Music & Comedy – 1961 – Jack Benny Honored At Carnegie Hall – With Isaac Stern & The Philadelphia Philharmonic Orchestra                                                                

Benny made one of his final television appearances on January 23, 1974, as a guest on The Tonight Show Starring Johnny Carson, the day before his final television special aired. Benny was preparing to star in the film version of Neil Simon’s The Sunshine Boys when his health failed later the same year. He prevailed upon his longtime best friend, George Burns, to take his place on a nightclub tour while preparing for the film. Burns ultimately had to replace Benny in the film as well and went on to win an Academy Award for his performance.

 

Comedy – 1958 – The Jack Benny Program – “The Gary Cooper Show”

Despite his failing health, Benny made several appearances on The Dean Martin Celebrity Roast in his final 18 months, roasting Ronald Reagan, Johnny Carson, Bob Hope and Lucille Ball, in addition to himself being roasted in February 1974.  The Lucille Ball roast, his last public performance, aired on February 7, 1975, several weeks after his death.

 

Comedy – 1963 – The Lucy Show – “Lucille Ball Gets Jack Benny’s Bank Account”                 

In October 1974, Benny cancelled a performance in Dallas after suffering a dizzy spell, coupled with numbness in his arms. Despite a battery of tests, Benny’s ailment could not be determined. When he complained of stomach pains in early December, a first test showed nothing, but a subsequent examination showed that he had inoperable pancreatic cancer. Benny went into a coma at home on December 22, 1974.  While in a coma, he was visited by close friends including George Burns, Bob Hope, Frank Sinatra, Johnny Carson, John Rowles and then Governor Ronald Reagan. He died on December 26, 1974, at age 80. At the funeral, Burns, Benny’s best friend for more than fifty years, attempted to deliver a eulogy but broke down shortly after he began and was unable to continue. Hope also delivered a eulogy in which he stated, “For a man who was the undisputed master of comedic timing, you would have to say this is the only time when Jack Benny’s timing was all wrong. He left us much too soon.” Benny was interred in a crypt at Hillside Memorial Park Cemetery in Culver City, California.  His will arranged for a single long-stemmed red rose to be delivered to his widow, Mary Livingstone, every day for the rest of her life.  Livingstone died eight and-a-half years later on June 30, 1983, at the age of 78.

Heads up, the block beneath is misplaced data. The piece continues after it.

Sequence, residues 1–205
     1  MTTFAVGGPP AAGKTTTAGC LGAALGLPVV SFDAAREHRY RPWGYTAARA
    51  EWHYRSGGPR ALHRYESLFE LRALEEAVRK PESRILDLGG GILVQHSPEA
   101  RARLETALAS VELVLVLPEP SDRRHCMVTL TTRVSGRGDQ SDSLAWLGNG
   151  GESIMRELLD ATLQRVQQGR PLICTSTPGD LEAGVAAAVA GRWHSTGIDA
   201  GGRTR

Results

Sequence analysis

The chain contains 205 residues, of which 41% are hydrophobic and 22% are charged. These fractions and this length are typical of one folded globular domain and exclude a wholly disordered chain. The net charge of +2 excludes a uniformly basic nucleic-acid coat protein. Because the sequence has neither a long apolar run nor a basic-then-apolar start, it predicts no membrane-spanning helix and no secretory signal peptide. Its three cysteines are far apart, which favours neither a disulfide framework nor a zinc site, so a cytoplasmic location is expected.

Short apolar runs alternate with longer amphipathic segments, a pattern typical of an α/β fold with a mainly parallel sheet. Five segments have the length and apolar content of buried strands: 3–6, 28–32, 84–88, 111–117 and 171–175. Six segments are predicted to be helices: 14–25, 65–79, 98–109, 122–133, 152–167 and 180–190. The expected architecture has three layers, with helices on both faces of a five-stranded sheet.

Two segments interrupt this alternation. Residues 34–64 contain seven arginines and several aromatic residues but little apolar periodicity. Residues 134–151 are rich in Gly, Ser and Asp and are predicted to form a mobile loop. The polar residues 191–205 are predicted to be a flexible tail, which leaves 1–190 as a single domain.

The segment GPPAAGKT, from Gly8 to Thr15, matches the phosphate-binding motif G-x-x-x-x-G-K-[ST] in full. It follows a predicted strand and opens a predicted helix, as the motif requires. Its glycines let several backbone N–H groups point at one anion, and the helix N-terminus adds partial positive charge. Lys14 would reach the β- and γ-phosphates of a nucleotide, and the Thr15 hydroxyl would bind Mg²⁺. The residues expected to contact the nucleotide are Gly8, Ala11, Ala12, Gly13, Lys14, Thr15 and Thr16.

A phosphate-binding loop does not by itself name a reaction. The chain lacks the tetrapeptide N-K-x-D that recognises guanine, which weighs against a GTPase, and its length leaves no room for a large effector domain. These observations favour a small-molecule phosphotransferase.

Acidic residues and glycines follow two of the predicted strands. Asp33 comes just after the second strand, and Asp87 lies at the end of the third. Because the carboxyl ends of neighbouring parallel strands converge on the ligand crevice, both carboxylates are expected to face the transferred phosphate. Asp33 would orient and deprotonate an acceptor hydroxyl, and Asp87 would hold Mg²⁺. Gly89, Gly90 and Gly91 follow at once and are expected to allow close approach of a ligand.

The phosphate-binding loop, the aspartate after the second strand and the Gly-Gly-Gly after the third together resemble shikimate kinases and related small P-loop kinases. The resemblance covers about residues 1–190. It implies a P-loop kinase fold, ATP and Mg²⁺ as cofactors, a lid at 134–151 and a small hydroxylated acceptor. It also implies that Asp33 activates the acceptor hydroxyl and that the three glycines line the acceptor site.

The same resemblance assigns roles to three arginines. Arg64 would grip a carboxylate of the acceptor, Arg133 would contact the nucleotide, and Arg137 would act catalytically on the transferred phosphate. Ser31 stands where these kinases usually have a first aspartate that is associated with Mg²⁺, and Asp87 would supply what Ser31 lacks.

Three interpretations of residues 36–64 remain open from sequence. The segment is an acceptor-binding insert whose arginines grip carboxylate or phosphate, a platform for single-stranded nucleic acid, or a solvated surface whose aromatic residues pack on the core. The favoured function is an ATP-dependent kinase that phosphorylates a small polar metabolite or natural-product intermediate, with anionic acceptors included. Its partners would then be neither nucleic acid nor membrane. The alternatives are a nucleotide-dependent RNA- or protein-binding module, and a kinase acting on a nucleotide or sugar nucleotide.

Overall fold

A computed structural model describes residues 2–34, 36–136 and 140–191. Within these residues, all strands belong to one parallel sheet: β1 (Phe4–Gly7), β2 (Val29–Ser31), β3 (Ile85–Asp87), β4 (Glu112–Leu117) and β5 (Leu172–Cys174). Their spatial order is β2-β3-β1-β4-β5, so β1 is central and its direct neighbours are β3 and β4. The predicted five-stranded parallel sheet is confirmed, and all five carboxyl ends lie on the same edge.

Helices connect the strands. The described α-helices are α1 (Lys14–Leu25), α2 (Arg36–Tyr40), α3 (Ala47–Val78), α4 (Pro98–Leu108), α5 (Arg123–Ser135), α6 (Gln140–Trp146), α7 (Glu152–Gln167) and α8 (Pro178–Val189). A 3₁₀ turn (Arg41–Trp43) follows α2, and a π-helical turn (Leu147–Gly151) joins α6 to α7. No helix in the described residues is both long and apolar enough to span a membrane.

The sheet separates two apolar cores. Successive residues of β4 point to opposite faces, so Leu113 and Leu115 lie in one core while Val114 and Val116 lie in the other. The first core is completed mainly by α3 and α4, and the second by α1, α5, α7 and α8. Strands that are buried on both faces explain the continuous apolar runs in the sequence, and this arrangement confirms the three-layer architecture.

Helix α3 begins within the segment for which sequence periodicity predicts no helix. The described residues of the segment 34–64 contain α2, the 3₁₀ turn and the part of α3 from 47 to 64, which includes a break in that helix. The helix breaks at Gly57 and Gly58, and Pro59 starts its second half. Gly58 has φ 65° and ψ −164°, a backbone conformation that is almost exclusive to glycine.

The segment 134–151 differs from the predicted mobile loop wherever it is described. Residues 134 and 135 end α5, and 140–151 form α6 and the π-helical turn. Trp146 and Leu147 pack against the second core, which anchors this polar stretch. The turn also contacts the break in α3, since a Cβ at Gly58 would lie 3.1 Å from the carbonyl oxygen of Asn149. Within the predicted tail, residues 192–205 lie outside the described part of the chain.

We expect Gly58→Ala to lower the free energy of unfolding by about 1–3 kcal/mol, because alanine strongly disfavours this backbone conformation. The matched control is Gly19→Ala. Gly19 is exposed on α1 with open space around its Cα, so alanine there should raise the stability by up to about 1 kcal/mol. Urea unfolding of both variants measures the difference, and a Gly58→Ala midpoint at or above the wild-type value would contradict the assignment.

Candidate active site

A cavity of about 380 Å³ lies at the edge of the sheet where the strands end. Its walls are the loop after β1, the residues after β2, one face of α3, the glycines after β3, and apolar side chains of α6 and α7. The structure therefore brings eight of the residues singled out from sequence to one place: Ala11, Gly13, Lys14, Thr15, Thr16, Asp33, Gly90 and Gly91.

Comedy – 1961 – The Jack Benny Program – “Jack Plays Golf”

In trying to explain his successful life, Benny summed it up by stating…. “Everything good that happened to me happened by accident. I was not filled with ambition nor fired by a drive toward a clear-cut goal. I never knew exactly where I was going.”                                                                                                                                                                                                                             

Comedy – 1974 – Special – George Burns + Bob Hope + Johnny Carson Present – “A Love Letter To Jack Benny”

Upon his death, Benny’s family donated his personal, professional and business papers, as well as a collection of his television shows, to UCLA. The university established the Jack Benny Award for Comedy in his honor in 1977 to recognize outstanding people in the field of comedy. Johnny Carson was the first award recipient.  Benny also donated a Stradivarius violin (purchased in 1957) to the Los Angeles Philharmonic Orchestra.   Benny had commented, “If it isn’t a $30,000 Strad, I’m out $120.”

 

Comedy – 1963 – The Jack Benny Program – “George Jessel/Amateur Night”   

In 1960, Benny was inducted into the Hollywood Walk of Fame with three stars. His stars for television and motion pictures are located at 6370 and 6650 Hollywood Boulevard, respectively, and at 1505 Vine Street for radio. He was inducted into the Television Hall of Fame in 1988 and the National Radio Hall of Fame in 1989.  He was also inducted into the Broadcasting and Cable Hall of Fame.                                                                          

Comedy & Music – 2017 – Ukulele Ray Live At Felicita Vida Senior Living in Escondido – Perorming “Forever 39 Routine Of Jack Benny + Eddie Cantor”

In the video above, performer Ukulele Ray says of the performance hat he has been doing the legendary comedians, Jack Benny and Eddie Cantor since I was a kid!…..while further expressing how awesome it is for him when he has an audience that is mature enough, to appreciate these greats….which speaks to the greatness of Jack Benny…..cuz here is a 30 something young man entertaining 80 something folks at a senior living facility….and his routine and music that he performed was originally done by Jack Benny and Eddie Cantor some 90 years ago…..while it is enjoyed by everyone…..now, that is GREATNESS!!!                                                                        

Comedy & Music – 1939 – Jack Benny + Gisele MacKenzie  Violin Duet – “Getting To Know You”                                                                                                     

While posting this story about the Master of Comedic Timing, I ran across a comment that very simply expresses our feelings about the comedy and entertainment from early beginnings of television and movies as compared to what we have to choose from in 2021…..as written by Ellison Hamilton when he wrote “Gisele Mackensie sang and danced….while playing the violin and piano superbly.  She had her own hit TV program for several years.  Sadly, she is all but forgotten now.  She and Mr. Benny became close friends until his death in 1974.  I really miss having talented people like these two on television.  Most of what we see today is complete trash, featuring actors and performers with little to no talent. Television’s best days are long over.  Anyway, this video was a pleasure to watch.  Mr Benny still cracks me up!!”

 

Comedy – 1962 – The Jack Benny Program – “The Bob Hope Show”